Articles

A desire for deviance: The influence of leader normativeness and inter-group competition on group member support

J. W. CHANG, N. TURAN, R. M. CHOW

Journal of Experimental Social Psychology

janvier 2015, vol. 56, pp.36-49

Départements : Management et Ressources Humaines, GREGHEC (CNRS)

Mots clés : Deviance; Leadership; Inter-group competition; Social identity

http://www.sciencedirect.com/science/article/pii/S002210311400122X


Does Emotional Intelligence Matter in Interpersonal Processes? The Mediating Role of Emotion Management

J. CHOI, G. CHUNG, S. SUNG, B. NAZIR, S. MOATAZ, J. W. CHANG

Seoul Journal of Business

décembre 2015, vol. 21, n°2, pp.45-70

Départements : Management et Ressources Humaines, GREGHEC (CNRS)

Mots clés : Emotional intelligence, Emotion management, Interpersonal behavior, Negotiation


Researchers have identified emotional intelligence (EI) as an importantindividual characteristic that predicts interpersonal effectiveness. In thisstudy, we identified three potential areas of emotion management (emotionexpression, emotion recognition, and shaping counterpart emotion) thatmay be promoted by intrapersonal and interpersonal EI, and may mediatethe effects of EI on interpersonal process and outcomes. Our analysisof data from a dyadic negotiation simulation indicates that EI predictsone aspect of emotion management (shaping counterpart emotion).Intrapersonal EI (but not interpersonal EI) increased counterpart positiveemotion and decreased counterpart negative emotion during the negotiationsimulation. Nevertheless, the overall relationship between EI and emotionmanagement was weak. The present study highlighted the need for clearlyconceptualizing and investigating emotional management through whichindividuals accrue interpersonal and performance benefits

I used to work at Goldman Sachs! How firms benefit from organizational status in the market for human capital

M. BIDWELL, S. WON, R. BARBULESCU, E. MOLLICK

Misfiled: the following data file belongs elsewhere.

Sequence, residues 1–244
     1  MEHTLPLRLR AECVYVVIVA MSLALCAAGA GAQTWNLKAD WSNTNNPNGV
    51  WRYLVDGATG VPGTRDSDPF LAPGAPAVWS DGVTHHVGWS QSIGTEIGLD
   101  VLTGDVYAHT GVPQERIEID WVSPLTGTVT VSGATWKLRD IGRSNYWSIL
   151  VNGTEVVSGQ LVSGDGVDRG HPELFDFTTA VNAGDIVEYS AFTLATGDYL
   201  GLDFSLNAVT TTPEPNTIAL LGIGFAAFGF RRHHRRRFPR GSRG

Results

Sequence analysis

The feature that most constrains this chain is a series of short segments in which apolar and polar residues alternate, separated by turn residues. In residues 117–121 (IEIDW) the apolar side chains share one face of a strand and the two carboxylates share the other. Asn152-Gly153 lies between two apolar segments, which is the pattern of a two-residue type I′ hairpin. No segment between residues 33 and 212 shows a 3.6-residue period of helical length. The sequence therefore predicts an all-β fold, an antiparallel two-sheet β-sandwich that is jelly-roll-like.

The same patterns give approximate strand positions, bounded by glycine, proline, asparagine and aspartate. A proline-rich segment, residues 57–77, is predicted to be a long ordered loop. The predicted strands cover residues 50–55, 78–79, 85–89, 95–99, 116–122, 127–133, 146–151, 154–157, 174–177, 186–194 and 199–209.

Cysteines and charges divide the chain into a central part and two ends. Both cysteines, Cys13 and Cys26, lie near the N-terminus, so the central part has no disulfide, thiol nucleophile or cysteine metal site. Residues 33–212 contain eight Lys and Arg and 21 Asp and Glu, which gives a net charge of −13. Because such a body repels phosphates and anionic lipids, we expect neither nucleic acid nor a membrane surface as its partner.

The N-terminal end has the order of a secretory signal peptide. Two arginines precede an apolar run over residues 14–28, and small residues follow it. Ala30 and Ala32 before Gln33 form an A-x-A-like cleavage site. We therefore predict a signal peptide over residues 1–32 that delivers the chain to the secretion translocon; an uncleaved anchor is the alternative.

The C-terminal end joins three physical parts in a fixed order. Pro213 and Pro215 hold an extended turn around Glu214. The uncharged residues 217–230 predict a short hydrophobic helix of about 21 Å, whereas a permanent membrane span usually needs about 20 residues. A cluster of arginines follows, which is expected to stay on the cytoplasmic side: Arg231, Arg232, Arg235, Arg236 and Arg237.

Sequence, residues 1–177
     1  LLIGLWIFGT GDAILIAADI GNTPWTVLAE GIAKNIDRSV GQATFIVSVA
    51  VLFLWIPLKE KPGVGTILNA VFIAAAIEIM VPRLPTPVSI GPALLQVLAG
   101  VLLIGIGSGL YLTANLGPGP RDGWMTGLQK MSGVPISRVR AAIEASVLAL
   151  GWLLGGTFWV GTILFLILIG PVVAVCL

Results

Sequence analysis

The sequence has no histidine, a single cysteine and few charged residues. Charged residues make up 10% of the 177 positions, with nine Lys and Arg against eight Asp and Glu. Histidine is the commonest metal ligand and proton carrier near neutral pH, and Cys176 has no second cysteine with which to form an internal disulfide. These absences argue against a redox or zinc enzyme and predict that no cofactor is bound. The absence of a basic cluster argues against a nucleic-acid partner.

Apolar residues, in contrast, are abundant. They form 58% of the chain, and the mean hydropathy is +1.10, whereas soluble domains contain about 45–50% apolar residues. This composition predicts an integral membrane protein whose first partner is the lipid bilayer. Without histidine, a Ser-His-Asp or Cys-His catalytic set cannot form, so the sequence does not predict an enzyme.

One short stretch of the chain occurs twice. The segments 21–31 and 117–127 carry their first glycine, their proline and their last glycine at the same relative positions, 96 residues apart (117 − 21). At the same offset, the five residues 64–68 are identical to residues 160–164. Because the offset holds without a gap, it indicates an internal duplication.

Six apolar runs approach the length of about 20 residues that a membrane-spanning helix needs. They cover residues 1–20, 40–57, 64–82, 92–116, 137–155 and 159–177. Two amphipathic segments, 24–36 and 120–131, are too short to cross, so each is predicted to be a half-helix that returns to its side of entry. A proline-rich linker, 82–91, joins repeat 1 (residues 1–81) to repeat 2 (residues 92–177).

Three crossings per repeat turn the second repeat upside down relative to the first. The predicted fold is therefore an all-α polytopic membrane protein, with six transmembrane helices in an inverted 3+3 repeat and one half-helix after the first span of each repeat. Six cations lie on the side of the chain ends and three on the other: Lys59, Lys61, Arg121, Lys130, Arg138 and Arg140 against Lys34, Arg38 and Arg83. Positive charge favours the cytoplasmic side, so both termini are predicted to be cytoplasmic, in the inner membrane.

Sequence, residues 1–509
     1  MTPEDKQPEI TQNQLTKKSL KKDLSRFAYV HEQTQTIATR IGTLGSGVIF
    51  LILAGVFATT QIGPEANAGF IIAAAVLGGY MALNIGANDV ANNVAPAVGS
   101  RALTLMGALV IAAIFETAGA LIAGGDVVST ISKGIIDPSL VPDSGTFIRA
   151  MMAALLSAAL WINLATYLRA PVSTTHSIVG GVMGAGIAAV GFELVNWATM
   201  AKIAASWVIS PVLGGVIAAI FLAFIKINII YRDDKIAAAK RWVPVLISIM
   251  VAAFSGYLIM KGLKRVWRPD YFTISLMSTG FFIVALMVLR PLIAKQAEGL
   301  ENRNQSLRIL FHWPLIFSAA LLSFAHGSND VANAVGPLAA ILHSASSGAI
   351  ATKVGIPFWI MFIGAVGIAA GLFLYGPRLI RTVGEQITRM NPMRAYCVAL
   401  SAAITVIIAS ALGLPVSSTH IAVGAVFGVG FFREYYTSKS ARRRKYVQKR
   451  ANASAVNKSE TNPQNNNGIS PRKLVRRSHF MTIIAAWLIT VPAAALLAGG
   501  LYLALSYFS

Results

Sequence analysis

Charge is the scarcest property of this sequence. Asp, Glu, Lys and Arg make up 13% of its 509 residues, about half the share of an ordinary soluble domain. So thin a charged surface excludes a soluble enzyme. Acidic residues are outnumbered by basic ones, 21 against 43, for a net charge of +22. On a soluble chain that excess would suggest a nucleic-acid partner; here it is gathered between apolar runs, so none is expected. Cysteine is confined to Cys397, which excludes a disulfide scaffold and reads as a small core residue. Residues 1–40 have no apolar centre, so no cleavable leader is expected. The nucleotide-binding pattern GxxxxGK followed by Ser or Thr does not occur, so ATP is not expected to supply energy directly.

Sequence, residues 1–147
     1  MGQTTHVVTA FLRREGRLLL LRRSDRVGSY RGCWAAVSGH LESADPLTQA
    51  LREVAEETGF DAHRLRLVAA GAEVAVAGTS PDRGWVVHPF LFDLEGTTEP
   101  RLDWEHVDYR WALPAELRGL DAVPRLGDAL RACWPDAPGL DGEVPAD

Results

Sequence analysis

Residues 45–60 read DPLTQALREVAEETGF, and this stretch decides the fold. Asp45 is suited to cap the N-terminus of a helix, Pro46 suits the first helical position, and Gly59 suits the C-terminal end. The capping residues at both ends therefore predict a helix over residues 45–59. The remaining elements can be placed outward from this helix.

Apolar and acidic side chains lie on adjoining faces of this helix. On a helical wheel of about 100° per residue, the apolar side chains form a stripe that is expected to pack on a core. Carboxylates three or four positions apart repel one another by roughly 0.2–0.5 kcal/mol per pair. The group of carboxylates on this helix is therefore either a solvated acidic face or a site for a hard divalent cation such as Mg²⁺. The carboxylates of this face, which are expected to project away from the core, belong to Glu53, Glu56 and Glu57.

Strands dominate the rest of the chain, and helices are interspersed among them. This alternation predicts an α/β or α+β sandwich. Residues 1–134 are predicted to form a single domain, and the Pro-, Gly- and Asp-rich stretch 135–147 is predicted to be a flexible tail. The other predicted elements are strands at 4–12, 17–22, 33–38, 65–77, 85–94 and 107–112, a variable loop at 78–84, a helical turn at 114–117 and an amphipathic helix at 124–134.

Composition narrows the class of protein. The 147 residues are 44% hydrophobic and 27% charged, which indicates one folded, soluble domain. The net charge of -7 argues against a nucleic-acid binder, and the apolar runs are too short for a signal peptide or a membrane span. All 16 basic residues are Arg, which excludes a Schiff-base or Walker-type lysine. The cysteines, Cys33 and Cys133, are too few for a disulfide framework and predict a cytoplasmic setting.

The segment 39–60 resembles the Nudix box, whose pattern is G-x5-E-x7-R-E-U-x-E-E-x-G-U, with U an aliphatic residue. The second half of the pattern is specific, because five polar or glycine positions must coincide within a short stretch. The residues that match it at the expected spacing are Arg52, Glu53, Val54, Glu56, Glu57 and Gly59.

Strategic Management Journal

août 2015, vol. 36, n°8, pp.1164-1173

Départements : Management et Ressources Humaines, GREGHEC (CNRS)

Mots clés : Organizational status, Rent appropriation, Careers, Human capital, Investment banking industry

http://ssrn.com/abstract=2440404


How does employer status benefit firms in the market for general human capital? On the one hand, high status employers are better able to attract workers, who value the signal of ability that employment at those firms provides. On the other hand, that same signal can help workers bid up wages and capture the value of employers' status. Exploring this tension, we argue that high status firms are able to hire higher ability workers than other firms, and do not need to pay them the full value of their ability early in the career, but must raise wages more rapidly than other firms as those workers accrue experience. We test our arguments using unique survey data on careers in investment banking

I used to work at Goldman Sachs! How firms benefit from organizational status in the market for human capital

M. BIDWELL, S. WON, R. BARBULESCU, E. MOLLICK

Strategic Management Journal

aout 2015, vol. 36, n°8, pp.1164-1173

Départements : Management et Ressources Humaines, GREGHEC (CNRS)

Mots clés : Organizational status, Rent appropriation, Careers, Human capital, Investment banking industry

http://ssrn.com/abstract=2440404


How does employer status benefit firms in the market for general human capital? On the one hand, high status employers are better able to attract workers, who value the signal of ability that employment at those firms provides. On the other hand, that same signal can help workers bid up wages and capture the value of employers’ status. Exploring this tension, we argue that high status firms are able to hire higher ability workers than other firms, and do not need to pay them the full value of their ability early in the career, but must raise wages more rapidly than other firms as those workers accrue experience. We test our arguments using unique survey data on careers in investment banking